By 2034, it’s estimated 47% of all jobs will be automated and skilled programmers will be in high demand.
Kids in grades kindergarten through eighth can get a jump start with the help of a workshop hosted by Rock Valley College.
‘What do you want to be when you grow up?’ is a question kids are often asked.
“I wanna just be a psychiatrist,” said Rachel Haugen, 13.
” A pharmacist,” said Lydia Grommes, 13.
“A rock star,” said Elle Reints, 5.
No matter the career choice, experts say programming will one day be a part of most jobs in some fashion.
“By 2030, 65% of all jobs in the world will have some type of automated piece that people that work there are going to have to learn how to program,” said Chuck Konkol, Rock Valley College Professor.
That’s one of the reasons 13-year-old Rachel Haugen attended Rock Valley College’s “Learn Coding with Robots” workshop.
“In all careers, nowadays, there’s more technology and coding will just help with maybe inventing new things and helping with the career that you choose to do,” Haugen said.
So what is coding?
“It’s really solving a puzzle, whatever puzzle that might be,” Konkol said. “If you like to solve a crossword puzzle or a jigsaw puzzle, whatever it is, you’ve got pieces everywhere and you’re like ‘ok, how does all of this fit together?’”
RVC’S workshop teaches the basics of computer science using the Ozobot robot.
“He’s just cute,” said Lydia Grommes, 13. “He needs some googly eyes.”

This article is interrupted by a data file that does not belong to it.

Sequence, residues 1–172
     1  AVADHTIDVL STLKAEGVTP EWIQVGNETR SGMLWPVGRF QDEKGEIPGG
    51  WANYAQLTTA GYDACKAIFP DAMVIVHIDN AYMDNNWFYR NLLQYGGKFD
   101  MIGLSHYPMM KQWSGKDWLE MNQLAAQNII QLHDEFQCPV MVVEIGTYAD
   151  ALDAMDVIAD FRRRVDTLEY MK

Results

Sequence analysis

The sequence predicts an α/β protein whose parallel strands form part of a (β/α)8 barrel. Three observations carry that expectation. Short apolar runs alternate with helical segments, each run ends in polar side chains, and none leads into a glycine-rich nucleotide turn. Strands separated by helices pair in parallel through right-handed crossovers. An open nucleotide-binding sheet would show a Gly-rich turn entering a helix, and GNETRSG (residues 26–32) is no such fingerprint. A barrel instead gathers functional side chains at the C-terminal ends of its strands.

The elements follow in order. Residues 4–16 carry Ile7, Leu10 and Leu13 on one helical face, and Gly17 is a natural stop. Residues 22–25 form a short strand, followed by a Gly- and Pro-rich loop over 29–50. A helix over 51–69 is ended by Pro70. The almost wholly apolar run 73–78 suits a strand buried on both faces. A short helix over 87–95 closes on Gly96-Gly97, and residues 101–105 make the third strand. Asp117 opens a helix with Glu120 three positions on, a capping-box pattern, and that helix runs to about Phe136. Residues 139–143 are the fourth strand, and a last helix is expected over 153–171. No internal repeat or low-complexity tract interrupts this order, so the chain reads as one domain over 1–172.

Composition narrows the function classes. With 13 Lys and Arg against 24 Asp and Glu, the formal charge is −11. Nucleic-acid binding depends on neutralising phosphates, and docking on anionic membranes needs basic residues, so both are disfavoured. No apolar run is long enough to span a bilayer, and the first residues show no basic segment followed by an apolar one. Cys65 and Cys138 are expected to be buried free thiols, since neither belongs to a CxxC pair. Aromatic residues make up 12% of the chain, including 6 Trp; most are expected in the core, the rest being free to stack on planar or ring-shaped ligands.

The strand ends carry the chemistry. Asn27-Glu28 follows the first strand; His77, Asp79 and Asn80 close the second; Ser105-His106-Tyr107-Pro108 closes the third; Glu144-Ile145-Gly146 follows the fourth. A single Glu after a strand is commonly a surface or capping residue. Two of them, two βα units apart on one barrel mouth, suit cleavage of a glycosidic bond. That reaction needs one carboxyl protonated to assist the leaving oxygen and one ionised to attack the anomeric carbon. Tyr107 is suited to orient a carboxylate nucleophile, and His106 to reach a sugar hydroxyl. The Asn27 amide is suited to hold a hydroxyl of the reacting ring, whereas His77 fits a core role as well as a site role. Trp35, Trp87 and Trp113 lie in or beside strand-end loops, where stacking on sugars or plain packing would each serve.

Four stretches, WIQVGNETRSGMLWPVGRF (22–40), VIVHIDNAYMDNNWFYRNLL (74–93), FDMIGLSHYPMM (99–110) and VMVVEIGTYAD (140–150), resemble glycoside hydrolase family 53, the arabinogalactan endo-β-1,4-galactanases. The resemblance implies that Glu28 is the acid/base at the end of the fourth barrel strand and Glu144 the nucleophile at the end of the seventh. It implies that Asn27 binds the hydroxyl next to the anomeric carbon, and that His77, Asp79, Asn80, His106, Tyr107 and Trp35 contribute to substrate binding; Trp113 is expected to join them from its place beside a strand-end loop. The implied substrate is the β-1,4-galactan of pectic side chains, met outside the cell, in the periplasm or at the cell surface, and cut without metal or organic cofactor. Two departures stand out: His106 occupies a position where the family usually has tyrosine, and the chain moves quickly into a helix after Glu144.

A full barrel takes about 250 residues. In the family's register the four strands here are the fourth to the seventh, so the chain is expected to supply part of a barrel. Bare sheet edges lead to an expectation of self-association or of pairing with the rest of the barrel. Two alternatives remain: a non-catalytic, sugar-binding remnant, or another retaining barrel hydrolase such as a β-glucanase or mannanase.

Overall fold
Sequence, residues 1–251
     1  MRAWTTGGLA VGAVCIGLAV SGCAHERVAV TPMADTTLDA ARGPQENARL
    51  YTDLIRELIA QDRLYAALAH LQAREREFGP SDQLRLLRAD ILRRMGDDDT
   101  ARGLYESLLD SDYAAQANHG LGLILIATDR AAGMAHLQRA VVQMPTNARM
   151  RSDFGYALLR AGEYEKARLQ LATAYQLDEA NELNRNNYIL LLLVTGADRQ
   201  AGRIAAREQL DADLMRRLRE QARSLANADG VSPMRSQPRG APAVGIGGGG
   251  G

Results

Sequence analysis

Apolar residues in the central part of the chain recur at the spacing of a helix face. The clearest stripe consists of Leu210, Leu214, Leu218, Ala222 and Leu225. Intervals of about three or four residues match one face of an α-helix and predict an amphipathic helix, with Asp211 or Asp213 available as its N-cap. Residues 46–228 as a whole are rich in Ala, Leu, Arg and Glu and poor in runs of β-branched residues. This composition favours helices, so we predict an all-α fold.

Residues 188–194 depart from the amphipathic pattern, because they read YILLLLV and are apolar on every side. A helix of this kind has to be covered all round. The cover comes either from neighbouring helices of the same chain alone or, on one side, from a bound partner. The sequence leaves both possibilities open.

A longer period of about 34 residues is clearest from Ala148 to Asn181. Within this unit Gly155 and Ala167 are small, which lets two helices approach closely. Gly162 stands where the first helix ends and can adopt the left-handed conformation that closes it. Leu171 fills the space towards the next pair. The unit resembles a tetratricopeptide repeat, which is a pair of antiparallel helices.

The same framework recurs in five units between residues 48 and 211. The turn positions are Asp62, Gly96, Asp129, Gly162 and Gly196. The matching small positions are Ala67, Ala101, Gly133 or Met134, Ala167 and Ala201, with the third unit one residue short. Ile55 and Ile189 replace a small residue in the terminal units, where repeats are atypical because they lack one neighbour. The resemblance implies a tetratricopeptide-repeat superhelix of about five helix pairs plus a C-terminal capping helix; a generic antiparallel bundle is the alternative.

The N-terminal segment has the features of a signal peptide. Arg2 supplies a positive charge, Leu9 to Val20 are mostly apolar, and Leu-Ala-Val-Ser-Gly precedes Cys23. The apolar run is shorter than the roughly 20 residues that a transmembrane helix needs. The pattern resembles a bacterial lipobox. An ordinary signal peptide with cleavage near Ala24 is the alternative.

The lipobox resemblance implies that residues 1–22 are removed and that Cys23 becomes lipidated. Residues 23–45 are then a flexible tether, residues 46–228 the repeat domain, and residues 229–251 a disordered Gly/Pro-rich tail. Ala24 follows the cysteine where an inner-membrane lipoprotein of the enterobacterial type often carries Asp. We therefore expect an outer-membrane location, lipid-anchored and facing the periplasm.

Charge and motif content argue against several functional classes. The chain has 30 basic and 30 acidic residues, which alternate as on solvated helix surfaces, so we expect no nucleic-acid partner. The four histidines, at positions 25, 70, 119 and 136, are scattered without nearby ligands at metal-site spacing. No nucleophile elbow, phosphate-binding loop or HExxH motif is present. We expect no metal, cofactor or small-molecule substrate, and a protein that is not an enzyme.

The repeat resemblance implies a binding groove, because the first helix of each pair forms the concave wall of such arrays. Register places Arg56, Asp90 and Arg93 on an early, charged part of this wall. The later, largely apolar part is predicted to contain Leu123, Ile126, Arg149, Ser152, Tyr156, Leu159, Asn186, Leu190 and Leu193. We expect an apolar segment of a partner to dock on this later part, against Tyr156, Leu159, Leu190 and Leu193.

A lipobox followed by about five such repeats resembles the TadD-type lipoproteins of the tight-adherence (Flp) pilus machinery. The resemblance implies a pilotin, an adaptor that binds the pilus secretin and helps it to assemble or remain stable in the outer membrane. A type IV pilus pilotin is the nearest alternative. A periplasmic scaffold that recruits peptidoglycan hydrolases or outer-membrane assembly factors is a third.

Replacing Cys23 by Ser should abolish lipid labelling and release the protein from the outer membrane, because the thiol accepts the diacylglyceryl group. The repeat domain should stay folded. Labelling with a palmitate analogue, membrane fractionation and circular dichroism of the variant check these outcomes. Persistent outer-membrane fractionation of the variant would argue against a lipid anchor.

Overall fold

“They’re learning with the Ozobot,” said Konkol. “Number one, you can control things with code logically if you follow directions. They also learn the robots only going to do what you tell it to do like a computer. It doesn’t do anything you don’t tell it to do.”
The Ozobot program also gives kids access to online lessons and code tutorials.
“Ever since I learned about what coding is, I’ve always wanted to,” said Joshua Domino, 11. “Ever since especially I’ve been working with robot coding stuff.”
Professor Konkol says he hopes the class teaches kids that anyone can learn to code if they have the desire.
“Demystify computer science,” said Konkol. “Make it less scary. If they want to do this, they can do it.”
All it takes is one “Hour of Code.”
The RVC “Hour of Code” will be offered at CherryVale mall the first Tuesday of the month starting June 5th at 6:30 p.n.
The workshops are free thanks to a grant from the Community Foundation of Northern Illinois.